BTK Inhibitors: Real-World Insights on Patient Management and Therapy Selection

Special IssuesThe Rationale for Bruton Tyrosine Kinase Inhibition in B-Cell Lymphomas

Nathan H. Fowler, MD, discusses the use of BTK inhibitors in B-cell malignancies.

Nathan Fowler, MD

Nathan Fowler, MD, an associate professor of Lymphoma/Myeloma at the University of Texas MD Anderson Cancer Center

Nathan Fowler, MD

BTK inhibitors have evolved into a more prominent role in the treatment paradigm of mantle cell lymphoma (MCL) and other B-cell malignancies. However, work remains to completely refine this class of agents for patients, particularly in terms of toxicity.

"In MCL, BTK inhibitors have not only changed the natural history of the disease, but have also changed the treatment options for patients," said Nathan H. Fowler, MD.

Both BTK inhibitors, ibrutinib (Imbruvica) and acalabrutinib (Calquence), are approved by the FDA as a treatment for patients with MCL who have received at least 1 prior line of therapy.

Future steps include these agents as combination therapy. The phase II ENRICH trial, for example, is investigating the combination of the first-generation BTK inhibitor ibrutinib with rituximab (Rituxan) maintenance therapy in elderly patients with newly diagnosed MCL, as well as in those with relapsed disease.

Similarly, the second-generation BTK inhibitor acalabrutinib is also being tested in untreated patients with MCL. One phase I study is testing the safety and efficacy of the agent plus alternating cycles of bendamustine/rituximab and cytarabine/rituximab, to determine whether the addition of BTK inhibition will increase the rates of complete response.

OncLive®: How would you characterize the role of the BTK inhibitor class among the evolving treatment landscape for B-cell malignancies?

In an interview with OncLive, Fowler, a medical oncologist in the Department of Lymphoma and Myeloma at The University of Texas MD Anderson Cancer Center, discussed the use of BTK inhibitors in B-cell malignancies.Fowler: What we are seeing now and what we will likely continue to see is a shift away from traditional combination chemotherapy regimens, not only in the relapse setting but also in the front-line. There are several ongoing clinical trials evaluating BTK inhibitors, alone or in combination, as initial treatment for MCL. In the coming years, we are going to see more trials, not only in elderly or infirm populations, but also in younger patients, in [whom] we are using BTK inhibitors in combination with other agents, such as venetoclax, targeted small molecular inhibitors, or monoclonal antibodies.

Today, we are lacking comparative data for BTK inhibitors. Hence, if a clinician had several agents available, treatment selection would most likely be determined by adverse effect profiles. For example, with ibrutinib, concerns for atrial fibrillation and rash are higher when compared with acalabrutinib, whereas we seem to be seeing more headache in patients receiving acalabrutinib. Convenience in dosing may also affect selection, as acalabrutinib has twice a day dosing.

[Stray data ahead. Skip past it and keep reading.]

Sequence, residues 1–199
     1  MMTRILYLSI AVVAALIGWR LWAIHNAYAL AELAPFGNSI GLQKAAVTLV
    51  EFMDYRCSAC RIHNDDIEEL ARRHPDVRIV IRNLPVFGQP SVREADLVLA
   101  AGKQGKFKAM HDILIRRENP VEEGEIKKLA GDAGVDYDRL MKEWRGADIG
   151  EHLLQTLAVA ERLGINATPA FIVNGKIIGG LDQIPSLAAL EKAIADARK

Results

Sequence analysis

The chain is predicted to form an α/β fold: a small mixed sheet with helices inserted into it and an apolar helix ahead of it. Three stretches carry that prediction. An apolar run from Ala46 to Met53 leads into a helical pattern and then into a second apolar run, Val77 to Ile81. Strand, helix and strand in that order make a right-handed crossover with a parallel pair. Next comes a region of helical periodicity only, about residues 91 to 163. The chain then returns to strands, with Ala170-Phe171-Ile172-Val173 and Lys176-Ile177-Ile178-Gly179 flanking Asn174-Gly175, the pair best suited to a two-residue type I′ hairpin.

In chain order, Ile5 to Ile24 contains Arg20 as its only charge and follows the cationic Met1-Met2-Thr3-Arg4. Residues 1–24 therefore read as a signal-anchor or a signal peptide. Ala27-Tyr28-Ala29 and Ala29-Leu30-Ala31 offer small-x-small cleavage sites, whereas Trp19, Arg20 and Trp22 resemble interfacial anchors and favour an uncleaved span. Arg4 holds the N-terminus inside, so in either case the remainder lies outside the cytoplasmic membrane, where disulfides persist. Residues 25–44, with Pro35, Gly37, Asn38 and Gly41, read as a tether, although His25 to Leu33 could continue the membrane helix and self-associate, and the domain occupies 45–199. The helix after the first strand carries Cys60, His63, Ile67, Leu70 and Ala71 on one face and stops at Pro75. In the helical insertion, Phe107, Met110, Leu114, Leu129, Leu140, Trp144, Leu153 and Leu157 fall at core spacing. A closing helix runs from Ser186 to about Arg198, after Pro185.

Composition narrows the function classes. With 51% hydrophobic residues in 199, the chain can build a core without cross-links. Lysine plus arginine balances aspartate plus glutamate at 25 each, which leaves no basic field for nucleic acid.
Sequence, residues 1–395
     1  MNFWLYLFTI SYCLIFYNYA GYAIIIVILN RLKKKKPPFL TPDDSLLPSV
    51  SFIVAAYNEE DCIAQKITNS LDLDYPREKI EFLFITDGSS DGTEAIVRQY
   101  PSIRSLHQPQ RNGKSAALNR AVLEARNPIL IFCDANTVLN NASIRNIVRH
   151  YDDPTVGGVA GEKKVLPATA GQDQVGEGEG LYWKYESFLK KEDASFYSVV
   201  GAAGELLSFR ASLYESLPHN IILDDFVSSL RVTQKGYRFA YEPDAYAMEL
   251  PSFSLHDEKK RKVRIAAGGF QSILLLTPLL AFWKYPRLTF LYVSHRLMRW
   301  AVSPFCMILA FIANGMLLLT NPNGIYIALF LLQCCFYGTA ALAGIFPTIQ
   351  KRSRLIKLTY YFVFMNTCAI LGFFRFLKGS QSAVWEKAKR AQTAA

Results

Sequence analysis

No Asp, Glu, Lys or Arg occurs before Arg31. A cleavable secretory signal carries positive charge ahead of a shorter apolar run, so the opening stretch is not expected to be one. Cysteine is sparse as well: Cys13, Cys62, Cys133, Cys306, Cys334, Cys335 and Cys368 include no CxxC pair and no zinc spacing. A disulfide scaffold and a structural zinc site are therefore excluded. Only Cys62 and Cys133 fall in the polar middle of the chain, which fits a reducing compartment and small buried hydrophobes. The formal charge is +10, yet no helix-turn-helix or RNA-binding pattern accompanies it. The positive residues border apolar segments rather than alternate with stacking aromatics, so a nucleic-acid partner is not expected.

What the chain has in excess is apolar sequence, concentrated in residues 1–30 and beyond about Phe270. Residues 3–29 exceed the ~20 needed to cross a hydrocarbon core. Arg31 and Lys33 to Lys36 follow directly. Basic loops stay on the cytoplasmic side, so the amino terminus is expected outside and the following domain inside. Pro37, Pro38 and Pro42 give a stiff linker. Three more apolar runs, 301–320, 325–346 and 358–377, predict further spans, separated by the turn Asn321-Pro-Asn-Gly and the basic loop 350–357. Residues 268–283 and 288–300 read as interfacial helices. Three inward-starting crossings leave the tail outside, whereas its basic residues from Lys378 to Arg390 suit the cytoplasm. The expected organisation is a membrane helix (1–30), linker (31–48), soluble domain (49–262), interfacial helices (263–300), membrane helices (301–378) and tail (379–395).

In chronic lymphocytic leukemia (CLL), we are seeing similar concepts, in that we are moving away from chemotherapy in the relapse setting and in treatment naïve patients. However, the therapeutic field is arguably further along in development than MCL. For example, in addition to the availability of ibrutinib, other targeted kinases, such as idelasilib are also available.

Can you discuss key differences between the available BTK inhibitors, both in terms of efficacy and safety/tolerability?

These agents are still fairly new, and the enduring benefit and toxicity is still unknown with several drugs. CLL is a chronic disease, and several emerging drugs are potentially prescribed life-long, so clearly it is essential to understand the long-term adverse effects and financial toxicities of prolonged treatment.The availability of multiple agents not only allows physicians to tailor therapy based on a patient’s prior medical history, but also to their willingness to accept a given risk profile. The availability of multiple agents also allows us to potentially switch these drugs if a patient develops a adverse effect that’s unique to that drug. If a patient receiving ibrutinib and has atrial fibrillation, switching to another drug in the same class could have potential benefit.

Although phase III trials are ongoing to evaluate BTK inhibitors head-to-head, it remains a challenge to compare results across trials, due to differences in patient selection and various other factors. What we have learned about ibrutinib and acalabrutinib based on current data is that they appear to offer fairly similar efficacy with respect to outcomes.

If the adverse effect profiles for second-generation BTK inhibitors, such as acalabrutinib, continues to be favorable, use of these agents may increase. Currently, long-term efficacy data for ibrutinib is available and therefore many physicians are comfortable using it for longer durations. The adverse effect profile for ibrutinib is also well known, and most physicians are comfortable adjusting dosing if a patient develops adverse effects.